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Author/Organization: Lucretia Rishelle Banks, Walden University (Dissertations and Doctoral Studies Collection)

Brief Description:

As rapes and sexual assaults continue to occur on Historically Black College and
University (HBCU) campuses, students remain apprehensive in reporting victimizations
to law enforcement, despite the presence of sexual assault prevention and awareness
programming. Research has shown that the lack of reporting to law enforcement is based
on specific barriers. However, there is little knowledge on the perceptions of program
facilitators and administrators on why victims decline to report to law enforcement. This
qualitative phenomenological study gathered the perceptions of eight program facilitators
and administrators on the effectiveness of rape and sexual assault prevention
programming. The community readiness theoretical model provided the foundation to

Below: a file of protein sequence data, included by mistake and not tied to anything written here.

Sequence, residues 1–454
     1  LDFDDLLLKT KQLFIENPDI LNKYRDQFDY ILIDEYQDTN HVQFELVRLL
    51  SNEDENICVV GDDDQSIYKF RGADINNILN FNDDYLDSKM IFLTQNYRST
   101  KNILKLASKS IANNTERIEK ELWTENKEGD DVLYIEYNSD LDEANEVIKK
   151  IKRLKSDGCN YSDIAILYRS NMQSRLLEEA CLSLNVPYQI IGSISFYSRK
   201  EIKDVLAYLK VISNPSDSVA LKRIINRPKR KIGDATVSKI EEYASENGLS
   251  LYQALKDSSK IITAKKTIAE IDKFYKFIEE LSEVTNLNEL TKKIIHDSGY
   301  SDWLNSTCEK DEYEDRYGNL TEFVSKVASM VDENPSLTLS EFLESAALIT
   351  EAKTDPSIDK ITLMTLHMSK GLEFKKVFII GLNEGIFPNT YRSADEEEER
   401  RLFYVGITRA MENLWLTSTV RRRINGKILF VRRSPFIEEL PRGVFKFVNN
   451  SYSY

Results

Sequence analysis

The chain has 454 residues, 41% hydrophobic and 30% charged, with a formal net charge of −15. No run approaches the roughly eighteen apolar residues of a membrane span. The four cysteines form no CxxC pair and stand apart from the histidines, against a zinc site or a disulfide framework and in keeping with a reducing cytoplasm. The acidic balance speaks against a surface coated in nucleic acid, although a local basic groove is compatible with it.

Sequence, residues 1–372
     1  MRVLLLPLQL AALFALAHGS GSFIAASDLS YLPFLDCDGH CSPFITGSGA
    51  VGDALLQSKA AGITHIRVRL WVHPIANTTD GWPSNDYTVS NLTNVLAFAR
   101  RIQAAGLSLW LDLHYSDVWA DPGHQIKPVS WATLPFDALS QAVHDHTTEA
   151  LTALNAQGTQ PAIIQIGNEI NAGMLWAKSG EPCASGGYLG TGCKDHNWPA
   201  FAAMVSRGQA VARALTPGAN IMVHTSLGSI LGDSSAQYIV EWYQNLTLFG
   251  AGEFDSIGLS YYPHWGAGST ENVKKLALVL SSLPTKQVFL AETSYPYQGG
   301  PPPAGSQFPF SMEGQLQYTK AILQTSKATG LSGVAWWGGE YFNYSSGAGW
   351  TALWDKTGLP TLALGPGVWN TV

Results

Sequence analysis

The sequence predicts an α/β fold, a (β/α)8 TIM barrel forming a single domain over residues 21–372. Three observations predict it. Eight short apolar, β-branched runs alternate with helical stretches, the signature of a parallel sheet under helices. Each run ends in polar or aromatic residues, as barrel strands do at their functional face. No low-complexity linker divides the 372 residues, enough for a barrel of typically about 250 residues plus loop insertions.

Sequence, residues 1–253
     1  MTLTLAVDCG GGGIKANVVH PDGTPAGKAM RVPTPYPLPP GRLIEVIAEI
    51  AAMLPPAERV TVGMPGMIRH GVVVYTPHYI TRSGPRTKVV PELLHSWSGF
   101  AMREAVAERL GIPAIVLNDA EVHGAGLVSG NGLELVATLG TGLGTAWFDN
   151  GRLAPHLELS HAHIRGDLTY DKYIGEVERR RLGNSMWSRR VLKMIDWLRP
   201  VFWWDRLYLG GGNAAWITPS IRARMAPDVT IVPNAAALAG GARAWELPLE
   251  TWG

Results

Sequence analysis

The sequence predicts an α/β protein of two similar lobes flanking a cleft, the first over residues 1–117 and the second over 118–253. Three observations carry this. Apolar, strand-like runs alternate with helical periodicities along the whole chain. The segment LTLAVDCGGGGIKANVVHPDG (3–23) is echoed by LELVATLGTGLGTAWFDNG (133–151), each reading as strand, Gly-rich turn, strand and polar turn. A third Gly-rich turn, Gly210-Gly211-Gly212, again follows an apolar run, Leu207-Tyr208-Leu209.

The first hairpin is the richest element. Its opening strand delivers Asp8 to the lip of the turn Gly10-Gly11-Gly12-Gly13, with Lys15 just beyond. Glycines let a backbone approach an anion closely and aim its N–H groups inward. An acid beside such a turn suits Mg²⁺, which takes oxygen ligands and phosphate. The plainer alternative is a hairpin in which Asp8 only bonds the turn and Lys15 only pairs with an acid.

display the culture and dynamics of a university campus. The research questions
examined the influence programming has on victim reporting to law enforcement and the
capacity of campus community involvement. Through purposive sampling, participants'
perceptions were gathered through semistructured interviews and coded through initial,
axial, and theoretical coding. As a result, five emergent themes explained significant
barriers and support mechanisms in program effectiveness. The results indicated that
intimate programming, integrity, and trust in programming and personnel influenced
student reporting to law enforcement officials. At the same time, education was
imperative for the campus community in instilling and maintaining trust and integrity
among students and social support. The results from this study can contribute to positive
social change by providing program facilitators and campus administrators tools to
implement impactful campus sexual assault programming for campus communities.

Resource Type: PDF

Age: College

Topics: BIPOC, HBCU, LGBTQIA+, activism, advocacy, bullying & cyberbullying, bystander, community educators, consent, gender equity, intimate partner violence, laws & policies, masculinity/men & boys, prevention, sexual harassment, sexual-violence, social media, stalking, survivor-support, title IX

Date Resource Added: May 17, 2022

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